Anyone looking for advice or a guidepost on investing would reasonably look to people who have hit on some big-time success. But billionaires aren’t always the best role models for regular people.

For example, George Soros made fame and fortune by making bold, large bets on currencies, most notoriously the British pound, but currency trading on a grand scale isn’t for everyone.

Likewise, Carl Icahn made his billions buying beaten down stocks in large quantities and pushing the boards and managements of those companies to make changes, with the goal of boosting the share price. Most ordinary investors don’t have the wherewithal to become an activist like that.


Then there is Warren Buffett, a long-time value investor who likes to own stakes in iconic American brands such as Coca-Cola Co. and Apple Inc. His style is perhaps more accessible to the masses. The basic strategy he has used for decades is to find undervalued stocks of companies that have good management and solid competitive positions and hold them for the long term.

But billionaires, of course, have vast resources to devote to making unique investments, and their circumstances shouldn’t be compared one-to-one with each other or with anyone else. Ben Carlson from Ritholtz Wealth Management made this point in a recent post. Investors should focus on their own circumstances, ability to tolerate risk and goals when they are setting up their own plans, and forget about what others are doing.

This approach accomplishes a few things. First, it helps you as an investor to resist the temptation to follow the herd, which can mean paying too much for a stock while overlooking some great values.

It also means you have a better chance of sticking to your strategy since you were the one who designed it in the first place, rather than simply trying to shoehorn your way into a one-fits-all style.

That isn’t to completely dismiss the experience billionaires bring to the table, though. There are some lessons to be learned from them, broadly speaking.

One of Mr. Buffett’s favourite phrases is “be greedy when others are fearful and fearful when others are greedy.” In other words, the bargain hunting is the best when investors are fleeing the market. This was especially good advice in the spring of 2009, when investors were dumping stocks in the aftermath of the financial crisis.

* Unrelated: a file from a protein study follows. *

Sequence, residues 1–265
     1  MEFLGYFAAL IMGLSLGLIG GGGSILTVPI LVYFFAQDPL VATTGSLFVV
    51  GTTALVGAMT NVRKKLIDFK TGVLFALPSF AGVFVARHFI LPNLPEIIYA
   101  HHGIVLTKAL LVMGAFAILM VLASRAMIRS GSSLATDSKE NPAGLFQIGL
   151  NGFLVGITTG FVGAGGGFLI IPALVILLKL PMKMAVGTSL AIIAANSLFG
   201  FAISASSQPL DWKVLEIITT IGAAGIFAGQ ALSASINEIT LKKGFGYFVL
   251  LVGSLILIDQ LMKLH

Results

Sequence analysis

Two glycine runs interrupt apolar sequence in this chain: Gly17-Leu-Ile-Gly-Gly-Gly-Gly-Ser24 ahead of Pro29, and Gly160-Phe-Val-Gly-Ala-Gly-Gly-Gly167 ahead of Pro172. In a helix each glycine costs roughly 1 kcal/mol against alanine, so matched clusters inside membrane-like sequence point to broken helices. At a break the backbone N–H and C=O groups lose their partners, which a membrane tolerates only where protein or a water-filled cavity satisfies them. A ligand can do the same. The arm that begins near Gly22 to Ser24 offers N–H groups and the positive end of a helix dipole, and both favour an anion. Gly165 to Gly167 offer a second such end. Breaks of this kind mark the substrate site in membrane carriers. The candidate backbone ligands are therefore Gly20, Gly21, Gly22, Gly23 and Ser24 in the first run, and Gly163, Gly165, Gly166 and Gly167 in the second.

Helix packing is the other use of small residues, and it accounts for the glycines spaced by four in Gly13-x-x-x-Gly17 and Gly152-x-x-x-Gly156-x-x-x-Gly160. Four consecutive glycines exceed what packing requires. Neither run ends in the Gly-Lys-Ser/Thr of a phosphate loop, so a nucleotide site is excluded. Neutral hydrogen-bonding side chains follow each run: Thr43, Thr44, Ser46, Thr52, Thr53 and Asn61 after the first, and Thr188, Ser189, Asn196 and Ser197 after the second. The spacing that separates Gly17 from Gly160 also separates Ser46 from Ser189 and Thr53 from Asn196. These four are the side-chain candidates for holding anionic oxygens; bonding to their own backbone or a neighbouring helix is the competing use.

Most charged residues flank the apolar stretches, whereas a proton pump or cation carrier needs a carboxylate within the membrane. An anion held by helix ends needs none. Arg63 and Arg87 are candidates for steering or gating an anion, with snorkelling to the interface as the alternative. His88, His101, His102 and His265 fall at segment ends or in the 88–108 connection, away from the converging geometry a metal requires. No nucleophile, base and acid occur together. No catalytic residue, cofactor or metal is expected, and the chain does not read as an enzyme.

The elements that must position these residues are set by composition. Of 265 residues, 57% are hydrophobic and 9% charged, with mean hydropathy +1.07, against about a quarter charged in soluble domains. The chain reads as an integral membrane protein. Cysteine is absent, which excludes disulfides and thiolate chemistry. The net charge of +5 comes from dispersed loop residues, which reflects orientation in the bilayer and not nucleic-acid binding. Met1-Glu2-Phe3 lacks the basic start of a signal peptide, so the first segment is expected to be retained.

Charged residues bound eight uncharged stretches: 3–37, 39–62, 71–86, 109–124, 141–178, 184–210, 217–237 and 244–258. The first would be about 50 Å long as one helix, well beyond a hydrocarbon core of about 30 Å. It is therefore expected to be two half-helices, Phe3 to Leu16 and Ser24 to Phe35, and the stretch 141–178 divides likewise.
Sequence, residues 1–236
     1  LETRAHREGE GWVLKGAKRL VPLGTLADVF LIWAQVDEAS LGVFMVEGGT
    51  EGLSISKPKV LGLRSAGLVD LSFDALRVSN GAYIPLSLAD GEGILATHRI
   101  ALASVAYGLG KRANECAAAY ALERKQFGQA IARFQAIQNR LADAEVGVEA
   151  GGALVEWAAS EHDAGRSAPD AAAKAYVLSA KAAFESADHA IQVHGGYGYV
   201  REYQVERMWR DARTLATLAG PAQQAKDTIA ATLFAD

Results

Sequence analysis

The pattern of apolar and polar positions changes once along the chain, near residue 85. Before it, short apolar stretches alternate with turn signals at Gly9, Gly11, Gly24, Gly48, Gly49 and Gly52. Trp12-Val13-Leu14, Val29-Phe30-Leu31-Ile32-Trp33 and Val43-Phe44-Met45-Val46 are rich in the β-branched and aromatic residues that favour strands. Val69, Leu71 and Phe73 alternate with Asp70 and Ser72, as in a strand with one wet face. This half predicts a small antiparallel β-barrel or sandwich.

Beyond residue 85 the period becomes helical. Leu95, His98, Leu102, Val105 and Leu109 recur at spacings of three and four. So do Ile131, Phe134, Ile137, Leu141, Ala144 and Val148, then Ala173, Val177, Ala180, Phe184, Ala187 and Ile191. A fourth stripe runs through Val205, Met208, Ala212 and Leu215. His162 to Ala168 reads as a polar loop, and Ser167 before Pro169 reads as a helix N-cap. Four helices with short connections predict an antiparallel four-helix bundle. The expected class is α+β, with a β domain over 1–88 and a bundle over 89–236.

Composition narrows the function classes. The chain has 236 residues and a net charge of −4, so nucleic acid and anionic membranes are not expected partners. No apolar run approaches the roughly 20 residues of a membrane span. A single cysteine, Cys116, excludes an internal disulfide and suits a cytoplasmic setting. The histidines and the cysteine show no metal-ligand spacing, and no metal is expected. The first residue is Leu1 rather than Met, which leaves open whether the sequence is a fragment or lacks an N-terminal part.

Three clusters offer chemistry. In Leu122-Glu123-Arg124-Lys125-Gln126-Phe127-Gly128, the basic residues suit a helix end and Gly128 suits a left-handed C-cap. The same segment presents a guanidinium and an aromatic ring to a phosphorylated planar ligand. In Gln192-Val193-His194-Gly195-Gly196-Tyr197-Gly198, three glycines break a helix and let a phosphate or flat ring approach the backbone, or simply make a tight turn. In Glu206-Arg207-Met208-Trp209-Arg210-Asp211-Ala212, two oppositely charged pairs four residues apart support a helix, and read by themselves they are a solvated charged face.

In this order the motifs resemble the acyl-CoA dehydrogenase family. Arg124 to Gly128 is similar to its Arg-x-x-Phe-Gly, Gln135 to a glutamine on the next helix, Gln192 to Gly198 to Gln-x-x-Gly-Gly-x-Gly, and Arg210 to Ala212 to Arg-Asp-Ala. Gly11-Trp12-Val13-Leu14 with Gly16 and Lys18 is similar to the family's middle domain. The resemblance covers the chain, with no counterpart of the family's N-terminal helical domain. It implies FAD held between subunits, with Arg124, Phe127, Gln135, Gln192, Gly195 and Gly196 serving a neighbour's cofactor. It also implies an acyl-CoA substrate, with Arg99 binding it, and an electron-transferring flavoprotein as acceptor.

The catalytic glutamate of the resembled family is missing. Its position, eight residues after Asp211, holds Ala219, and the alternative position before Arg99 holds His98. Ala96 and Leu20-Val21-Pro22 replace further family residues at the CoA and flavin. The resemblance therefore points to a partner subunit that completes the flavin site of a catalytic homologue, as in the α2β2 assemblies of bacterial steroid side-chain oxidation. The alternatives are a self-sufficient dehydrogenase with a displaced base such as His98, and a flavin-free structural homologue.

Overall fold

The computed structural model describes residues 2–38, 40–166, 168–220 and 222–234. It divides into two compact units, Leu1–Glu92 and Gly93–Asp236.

Mr. Buffett put his own money on the line to lead by example, taking stakes in Goldman Sachs and, later, Bank of America, that have since netted him billions.

On the flip side of that saying, Mr. Buffett resists buying at elevated prices just to buy things. Berkshire Hathaway has amassed a US$100-billion cash pile over the past few years for just that reason. Mr. Buffett has had a hard time finding companies valued attractively enough to buy. His recent solution to that problem is to buy back Berkshire’s own shares.

But what Mr. Buffett would also advise investors to do is avoid trying to time the market. People tend to wait too long when prices are low, afraid to lose money in a down market when that’s when a lot of the opportunity comes in. And they are too quick to jump into hot stocks, risking overpaying for an investment that could be about to give back some of its gains.

He and another guru, Peter Lynch, the legendary former manager of the Fidelity Magellan mutual fund, have also advised people to buy stocks in companies they want to own. Stocks they can relate to because the company makes a product they like. That’s the way to remain a committed, long-term investor.

If there is one trait the ordinary investor can borrow from the billionaire playbook, it’s patience. 

This Globe and Mail article was legally licensed by AdvisorStream.

Seun Adeyemi, BA, CKA® profile photo
Seun Adeyemi, BA, CKA®
Financial Planner & Mortgage Specialist
SA Capital Advisors Inc.
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